A new worm, distributed as a Windows .EXE file attachment to a mass email, is one of the first to involve Microsofts instant messenging programs in its exploit. Reports are somewhat in conflict on exactly what it does, but prevention and containment appear to be easy.
The W32.Nicehello@mm worm shows up as a 99,328 byte attachment to an email with one of a small number of possible subject lines. The list of subject lines and file names for the attachment may be found at the description at the Symantec Antivirus Research Center (SARC). SARC goes on to say that the worm attempts to steal Microsoft MSN and .NET Messenger passwords. Symantec added this worm to their LiveUpdate virus definitions on 3/12/03.
Once executed, the program copies itelf to the Windows directory as "systemsys64dvr.exe" or "system32sys64dvr.exe" and creates the registry entry "HKLM\Software\Microsoft\Windows\CurrentVersion\Run\System 64 Driver for Games" = "sys64drv.exe". You can check to see if you are infected by checking for these files, and manually disinfect your system by removing them. Windows NT/2K/XP users should also Terminate the process in Task Manager. Windows 95/98/ME users can remove it from memory by rebooting to safe mode.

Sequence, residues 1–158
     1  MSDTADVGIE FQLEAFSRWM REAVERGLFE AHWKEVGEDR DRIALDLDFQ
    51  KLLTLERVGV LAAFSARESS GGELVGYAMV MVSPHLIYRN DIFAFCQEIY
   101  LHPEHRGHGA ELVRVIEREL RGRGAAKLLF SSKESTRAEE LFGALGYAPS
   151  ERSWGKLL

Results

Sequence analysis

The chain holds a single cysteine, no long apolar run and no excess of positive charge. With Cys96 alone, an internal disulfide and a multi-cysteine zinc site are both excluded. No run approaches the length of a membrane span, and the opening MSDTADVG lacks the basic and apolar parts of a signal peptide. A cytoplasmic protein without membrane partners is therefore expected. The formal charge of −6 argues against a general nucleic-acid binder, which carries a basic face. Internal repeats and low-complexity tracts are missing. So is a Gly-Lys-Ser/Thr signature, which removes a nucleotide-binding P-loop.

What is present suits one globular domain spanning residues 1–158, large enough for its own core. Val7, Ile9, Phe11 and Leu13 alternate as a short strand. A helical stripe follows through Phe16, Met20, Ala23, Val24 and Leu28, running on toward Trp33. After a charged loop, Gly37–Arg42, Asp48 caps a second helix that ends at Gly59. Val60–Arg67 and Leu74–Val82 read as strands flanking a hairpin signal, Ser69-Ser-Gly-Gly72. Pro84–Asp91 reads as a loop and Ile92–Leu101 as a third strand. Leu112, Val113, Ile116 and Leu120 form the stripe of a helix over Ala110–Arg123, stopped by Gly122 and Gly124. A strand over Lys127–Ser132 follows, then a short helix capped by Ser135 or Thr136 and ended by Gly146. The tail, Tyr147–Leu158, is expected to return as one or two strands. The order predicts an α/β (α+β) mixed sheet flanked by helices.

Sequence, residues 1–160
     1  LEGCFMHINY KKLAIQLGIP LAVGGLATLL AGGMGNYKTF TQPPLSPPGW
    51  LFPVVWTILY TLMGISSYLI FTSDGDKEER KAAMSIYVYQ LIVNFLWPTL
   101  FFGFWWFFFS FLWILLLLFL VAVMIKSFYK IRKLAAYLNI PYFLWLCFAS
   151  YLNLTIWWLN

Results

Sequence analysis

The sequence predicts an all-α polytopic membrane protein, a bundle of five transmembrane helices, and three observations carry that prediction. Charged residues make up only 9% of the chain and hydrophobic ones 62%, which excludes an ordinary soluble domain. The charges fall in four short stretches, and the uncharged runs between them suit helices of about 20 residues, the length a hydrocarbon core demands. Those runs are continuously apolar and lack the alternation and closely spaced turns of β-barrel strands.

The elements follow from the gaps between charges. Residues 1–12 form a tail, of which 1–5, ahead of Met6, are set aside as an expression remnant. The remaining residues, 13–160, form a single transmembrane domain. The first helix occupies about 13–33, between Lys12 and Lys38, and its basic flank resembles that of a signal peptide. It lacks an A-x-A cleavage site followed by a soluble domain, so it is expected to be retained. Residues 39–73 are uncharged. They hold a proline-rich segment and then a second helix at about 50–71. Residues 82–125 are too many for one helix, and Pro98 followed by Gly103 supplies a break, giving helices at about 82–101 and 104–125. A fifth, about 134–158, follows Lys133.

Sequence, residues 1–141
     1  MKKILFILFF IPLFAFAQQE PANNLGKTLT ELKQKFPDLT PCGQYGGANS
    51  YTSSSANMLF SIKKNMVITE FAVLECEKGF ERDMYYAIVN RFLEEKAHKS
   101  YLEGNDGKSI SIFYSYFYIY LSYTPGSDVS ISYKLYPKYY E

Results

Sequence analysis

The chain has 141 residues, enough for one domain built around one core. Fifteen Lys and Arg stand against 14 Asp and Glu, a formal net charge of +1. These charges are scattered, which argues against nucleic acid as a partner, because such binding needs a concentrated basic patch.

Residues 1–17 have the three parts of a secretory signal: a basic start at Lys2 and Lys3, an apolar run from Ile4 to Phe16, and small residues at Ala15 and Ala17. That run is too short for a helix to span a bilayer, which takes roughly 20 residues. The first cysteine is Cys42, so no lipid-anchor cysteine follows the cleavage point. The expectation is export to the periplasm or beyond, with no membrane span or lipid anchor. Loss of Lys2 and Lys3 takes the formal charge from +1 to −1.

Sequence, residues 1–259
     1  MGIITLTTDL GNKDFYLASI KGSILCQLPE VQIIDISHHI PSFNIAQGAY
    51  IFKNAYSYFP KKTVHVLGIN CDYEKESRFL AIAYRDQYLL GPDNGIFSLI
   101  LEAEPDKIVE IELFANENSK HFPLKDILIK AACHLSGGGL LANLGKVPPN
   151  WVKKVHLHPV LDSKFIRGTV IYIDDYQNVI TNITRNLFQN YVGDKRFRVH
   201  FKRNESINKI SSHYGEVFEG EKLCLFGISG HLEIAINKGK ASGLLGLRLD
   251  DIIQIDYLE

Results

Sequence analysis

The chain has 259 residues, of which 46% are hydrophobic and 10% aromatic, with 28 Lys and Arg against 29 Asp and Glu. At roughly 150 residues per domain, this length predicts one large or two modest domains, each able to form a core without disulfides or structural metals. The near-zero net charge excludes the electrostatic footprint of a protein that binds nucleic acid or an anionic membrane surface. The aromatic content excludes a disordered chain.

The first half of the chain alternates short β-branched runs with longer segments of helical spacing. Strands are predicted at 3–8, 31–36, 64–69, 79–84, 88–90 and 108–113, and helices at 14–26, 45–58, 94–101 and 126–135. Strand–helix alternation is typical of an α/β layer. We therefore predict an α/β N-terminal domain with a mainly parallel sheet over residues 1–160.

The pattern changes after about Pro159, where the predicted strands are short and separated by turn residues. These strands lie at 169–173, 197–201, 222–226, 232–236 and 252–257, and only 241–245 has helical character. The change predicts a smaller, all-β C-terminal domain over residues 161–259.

According to a description at the BitDefender site, the program then sends a notification containing the users Messanger user name and password to a particular Yahoo.com address. Then it sends infection messages to the users MSN/.NET Messengers contacts. SARC says that it sends itself to entries in the Windows Address Book, which is not the same thing.
Because this file arrives as a .EXE attachment it will be blocked by any recent version of Microsoft Outlook or older versions with proper security patches installed. Of course, all users should be skeptical of file attachments, especially executable ones.